New Jersey law provides an opportunity for an individual or family who suffered injuries because of a defective or dangerous product to recover damages against the manufacturer or supplier. These claims can be based on, among other things, harmful drugs, unsafe vehicles and items made dangerous by design flaws or defects. People who are injured because of these issues may seek compensation to help them recover. Lawsuits and publicity can also successfully protect others or effect a change in the product.
Cases of products liability are slightly different from other personal injury claims in that there are different defenses available to the defendants named in a lawsuit. For example, a defense a manufacturer might raise is that the plaintiff altered the product in some way after it was purchased. It can aver that this alteration caused the injury. Misuse of an item or drug by a plaintiff is often alleged.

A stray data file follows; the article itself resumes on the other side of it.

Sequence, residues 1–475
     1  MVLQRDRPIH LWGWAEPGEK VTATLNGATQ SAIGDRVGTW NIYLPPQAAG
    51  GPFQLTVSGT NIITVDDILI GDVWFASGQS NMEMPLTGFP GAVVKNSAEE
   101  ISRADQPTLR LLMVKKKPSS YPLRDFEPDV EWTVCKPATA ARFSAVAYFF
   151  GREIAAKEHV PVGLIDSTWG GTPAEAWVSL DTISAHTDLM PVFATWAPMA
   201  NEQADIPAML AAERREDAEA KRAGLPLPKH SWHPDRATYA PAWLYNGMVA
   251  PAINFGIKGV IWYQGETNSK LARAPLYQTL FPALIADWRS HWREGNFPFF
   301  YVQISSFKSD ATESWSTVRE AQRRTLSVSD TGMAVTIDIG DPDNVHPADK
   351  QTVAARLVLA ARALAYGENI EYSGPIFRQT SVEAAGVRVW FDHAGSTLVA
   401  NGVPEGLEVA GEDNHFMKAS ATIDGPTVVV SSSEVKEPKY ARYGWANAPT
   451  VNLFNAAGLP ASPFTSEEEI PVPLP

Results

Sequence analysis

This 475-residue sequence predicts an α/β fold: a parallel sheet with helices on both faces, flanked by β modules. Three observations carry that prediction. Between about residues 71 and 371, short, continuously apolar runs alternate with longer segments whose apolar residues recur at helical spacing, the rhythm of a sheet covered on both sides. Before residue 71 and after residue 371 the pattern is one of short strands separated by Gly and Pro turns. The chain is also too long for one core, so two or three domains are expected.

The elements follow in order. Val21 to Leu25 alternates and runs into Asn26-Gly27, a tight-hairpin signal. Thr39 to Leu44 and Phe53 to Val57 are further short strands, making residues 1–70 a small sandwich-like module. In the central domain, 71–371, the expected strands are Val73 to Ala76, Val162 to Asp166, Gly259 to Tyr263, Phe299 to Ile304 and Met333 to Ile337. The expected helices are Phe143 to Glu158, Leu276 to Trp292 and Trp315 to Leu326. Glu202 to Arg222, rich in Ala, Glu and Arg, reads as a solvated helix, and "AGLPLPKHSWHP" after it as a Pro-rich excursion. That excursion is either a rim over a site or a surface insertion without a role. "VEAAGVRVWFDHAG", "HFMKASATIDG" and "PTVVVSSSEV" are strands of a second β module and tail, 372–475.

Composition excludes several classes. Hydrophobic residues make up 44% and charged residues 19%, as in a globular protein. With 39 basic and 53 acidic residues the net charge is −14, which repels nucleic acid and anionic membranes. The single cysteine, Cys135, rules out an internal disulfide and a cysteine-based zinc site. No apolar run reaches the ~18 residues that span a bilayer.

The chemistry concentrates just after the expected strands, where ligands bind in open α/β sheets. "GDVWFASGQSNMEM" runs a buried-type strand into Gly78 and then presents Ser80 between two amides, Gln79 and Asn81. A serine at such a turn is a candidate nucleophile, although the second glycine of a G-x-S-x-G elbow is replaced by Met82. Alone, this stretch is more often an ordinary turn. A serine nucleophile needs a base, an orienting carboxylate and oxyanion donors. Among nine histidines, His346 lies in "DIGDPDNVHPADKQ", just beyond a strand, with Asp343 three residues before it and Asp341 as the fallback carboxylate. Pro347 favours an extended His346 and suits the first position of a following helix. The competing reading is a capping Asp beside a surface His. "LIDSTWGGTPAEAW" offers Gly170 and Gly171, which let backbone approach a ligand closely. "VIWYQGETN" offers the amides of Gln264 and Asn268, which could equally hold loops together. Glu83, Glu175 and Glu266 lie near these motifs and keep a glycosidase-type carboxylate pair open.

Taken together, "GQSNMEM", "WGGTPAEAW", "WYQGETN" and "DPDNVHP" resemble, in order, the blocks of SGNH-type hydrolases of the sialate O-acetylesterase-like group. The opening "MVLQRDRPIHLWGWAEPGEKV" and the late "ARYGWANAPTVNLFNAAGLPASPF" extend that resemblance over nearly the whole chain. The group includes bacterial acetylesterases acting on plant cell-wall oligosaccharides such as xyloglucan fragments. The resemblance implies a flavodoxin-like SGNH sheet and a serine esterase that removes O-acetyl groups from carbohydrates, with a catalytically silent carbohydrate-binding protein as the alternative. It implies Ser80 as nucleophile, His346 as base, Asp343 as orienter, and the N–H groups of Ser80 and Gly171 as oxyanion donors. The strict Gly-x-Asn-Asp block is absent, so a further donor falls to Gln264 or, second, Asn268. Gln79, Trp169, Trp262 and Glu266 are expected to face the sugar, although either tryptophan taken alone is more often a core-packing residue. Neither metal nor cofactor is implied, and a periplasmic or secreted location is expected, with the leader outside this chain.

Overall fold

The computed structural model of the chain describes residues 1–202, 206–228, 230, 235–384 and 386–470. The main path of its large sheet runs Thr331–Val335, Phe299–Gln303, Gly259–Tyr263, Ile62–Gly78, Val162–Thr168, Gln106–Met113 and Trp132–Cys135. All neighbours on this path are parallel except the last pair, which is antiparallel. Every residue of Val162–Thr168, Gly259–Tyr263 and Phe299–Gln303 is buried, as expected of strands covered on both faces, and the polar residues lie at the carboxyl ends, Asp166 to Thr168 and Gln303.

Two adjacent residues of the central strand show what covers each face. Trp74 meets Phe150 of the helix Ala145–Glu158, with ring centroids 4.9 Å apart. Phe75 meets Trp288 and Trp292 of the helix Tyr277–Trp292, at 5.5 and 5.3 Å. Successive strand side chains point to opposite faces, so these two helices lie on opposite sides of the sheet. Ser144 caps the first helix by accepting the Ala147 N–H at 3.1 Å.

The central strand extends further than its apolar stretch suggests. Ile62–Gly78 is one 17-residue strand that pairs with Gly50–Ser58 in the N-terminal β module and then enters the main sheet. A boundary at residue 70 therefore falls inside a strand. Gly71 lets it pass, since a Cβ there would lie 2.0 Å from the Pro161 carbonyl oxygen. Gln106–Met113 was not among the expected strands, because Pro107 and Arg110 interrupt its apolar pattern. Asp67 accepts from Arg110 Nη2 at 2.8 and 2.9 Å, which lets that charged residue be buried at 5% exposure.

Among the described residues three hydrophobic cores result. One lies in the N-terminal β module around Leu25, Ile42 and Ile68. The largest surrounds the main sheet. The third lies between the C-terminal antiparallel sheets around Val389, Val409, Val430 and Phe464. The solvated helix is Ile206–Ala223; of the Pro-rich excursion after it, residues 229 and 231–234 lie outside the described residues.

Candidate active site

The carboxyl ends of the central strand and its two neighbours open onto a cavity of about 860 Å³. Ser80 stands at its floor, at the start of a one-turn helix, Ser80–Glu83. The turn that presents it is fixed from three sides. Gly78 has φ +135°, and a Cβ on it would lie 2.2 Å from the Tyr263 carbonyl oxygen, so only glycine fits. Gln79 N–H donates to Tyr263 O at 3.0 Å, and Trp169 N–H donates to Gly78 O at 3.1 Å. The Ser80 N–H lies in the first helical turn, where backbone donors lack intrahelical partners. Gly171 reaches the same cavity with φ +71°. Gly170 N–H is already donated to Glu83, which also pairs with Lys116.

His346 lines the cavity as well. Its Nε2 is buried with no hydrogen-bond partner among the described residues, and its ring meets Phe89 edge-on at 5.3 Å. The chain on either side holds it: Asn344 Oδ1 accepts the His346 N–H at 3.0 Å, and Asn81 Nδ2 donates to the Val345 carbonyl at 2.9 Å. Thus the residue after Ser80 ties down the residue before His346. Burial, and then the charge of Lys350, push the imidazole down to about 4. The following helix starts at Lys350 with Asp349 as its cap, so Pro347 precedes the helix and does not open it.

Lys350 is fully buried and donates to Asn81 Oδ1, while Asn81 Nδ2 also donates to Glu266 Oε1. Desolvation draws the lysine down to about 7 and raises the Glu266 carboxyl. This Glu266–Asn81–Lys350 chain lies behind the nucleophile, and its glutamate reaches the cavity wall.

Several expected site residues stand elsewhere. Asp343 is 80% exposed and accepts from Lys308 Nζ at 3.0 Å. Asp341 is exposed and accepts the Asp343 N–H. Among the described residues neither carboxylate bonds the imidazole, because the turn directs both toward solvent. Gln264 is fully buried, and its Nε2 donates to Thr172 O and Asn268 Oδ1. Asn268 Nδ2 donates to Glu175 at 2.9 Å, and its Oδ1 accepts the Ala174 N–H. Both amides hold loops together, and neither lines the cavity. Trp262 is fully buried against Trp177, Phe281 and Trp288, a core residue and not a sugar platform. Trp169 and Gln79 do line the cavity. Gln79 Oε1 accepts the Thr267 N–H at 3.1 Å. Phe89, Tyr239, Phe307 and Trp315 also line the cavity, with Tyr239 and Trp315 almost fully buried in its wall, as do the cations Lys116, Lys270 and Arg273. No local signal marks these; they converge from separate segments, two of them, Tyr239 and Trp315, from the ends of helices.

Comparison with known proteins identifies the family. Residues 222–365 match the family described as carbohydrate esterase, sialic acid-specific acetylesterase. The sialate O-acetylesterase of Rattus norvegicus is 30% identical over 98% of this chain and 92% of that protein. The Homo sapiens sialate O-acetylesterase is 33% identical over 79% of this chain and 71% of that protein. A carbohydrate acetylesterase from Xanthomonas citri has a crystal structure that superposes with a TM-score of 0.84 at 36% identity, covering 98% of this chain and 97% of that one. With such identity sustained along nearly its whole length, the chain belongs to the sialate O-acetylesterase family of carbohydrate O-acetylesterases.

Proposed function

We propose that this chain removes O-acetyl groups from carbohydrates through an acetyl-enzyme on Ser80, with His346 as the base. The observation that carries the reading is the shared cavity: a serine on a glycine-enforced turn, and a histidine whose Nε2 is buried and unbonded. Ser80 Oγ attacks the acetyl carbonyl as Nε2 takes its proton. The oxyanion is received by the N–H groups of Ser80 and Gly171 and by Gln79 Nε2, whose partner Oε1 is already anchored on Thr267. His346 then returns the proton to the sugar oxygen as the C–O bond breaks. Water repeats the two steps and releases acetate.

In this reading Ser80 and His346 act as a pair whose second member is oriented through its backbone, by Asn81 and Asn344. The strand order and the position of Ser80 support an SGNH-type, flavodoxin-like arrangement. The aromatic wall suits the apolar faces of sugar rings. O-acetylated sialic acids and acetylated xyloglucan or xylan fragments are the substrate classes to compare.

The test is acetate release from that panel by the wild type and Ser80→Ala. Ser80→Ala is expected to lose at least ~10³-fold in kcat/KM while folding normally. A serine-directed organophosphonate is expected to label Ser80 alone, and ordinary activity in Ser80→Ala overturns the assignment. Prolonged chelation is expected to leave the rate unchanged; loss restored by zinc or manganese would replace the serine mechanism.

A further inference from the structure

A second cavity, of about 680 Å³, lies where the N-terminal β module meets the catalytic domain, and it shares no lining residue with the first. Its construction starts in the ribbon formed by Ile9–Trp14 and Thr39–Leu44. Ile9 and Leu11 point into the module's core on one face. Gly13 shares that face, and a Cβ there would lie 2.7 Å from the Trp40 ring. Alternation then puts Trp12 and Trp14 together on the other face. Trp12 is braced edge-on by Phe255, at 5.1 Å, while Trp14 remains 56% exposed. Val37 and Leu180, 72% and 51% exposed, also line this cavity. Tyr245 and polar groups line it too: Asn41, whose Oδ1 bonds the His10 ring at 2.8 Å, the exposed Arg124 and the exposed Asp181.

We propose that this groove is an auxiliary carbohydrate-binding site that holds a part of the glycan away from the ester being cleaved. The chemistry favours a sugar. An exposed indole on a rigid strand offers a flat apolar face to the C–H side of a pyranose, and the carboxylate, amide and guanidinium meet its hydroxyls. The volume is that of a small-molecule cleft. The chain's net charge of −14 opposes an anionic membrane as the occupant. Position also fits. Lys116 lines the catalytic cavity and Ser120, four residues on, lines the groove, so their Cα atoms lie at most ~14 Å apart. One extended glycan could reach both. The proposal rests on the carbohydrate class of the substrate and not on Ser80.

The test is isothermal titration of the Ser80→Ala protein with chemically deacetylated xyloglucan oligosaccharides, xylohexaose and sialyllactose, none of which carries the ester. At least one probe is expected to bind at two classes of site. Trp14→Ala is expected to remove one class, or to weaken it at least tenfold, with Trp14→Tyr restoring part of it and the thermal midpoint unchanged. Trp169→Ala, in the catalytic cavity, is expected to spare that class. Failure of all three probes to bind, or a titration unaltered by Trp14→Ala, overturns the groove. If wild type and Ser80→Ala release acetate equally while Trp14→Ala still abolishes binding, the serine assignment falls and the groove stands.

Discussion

A plaintiff has to connect the product with the party or parties claimed to be responsible for either supplying it or its manufacture. There is, however, an exception to this rule. It’s called market share liability, and it applies in litigation about defective drugs. What this means is when a plaintiff can’t determine which exact pharmaceutical company is responsible as the supplier of the subject drug ingested, each is held liable based on its sales percentage in the locale where the injury happened.
The burden of proof in some products liability cases actually rests with the defendant. In other words, unlike the usual personal injury cases where a plaintiff must prove a defendant’s negligence, in these cases, the defendant must prove it was not negligent. Plaintiffs may also be helped when strict liability applies in their cases. In this scenario, plaintiffs don’t have to prove a manufacturer was negligent, but rather, they must only substantiate that the product was defective.
Product liability cases can be complex. State laws apply as there isn’t a federal product liability law. Knowledgeable testimony must back up claims, and clearly identified supply chain participants should be included in any lawsuit.
Source: FindLaw, “What is Product Liability?,” accessed April. 21, 2015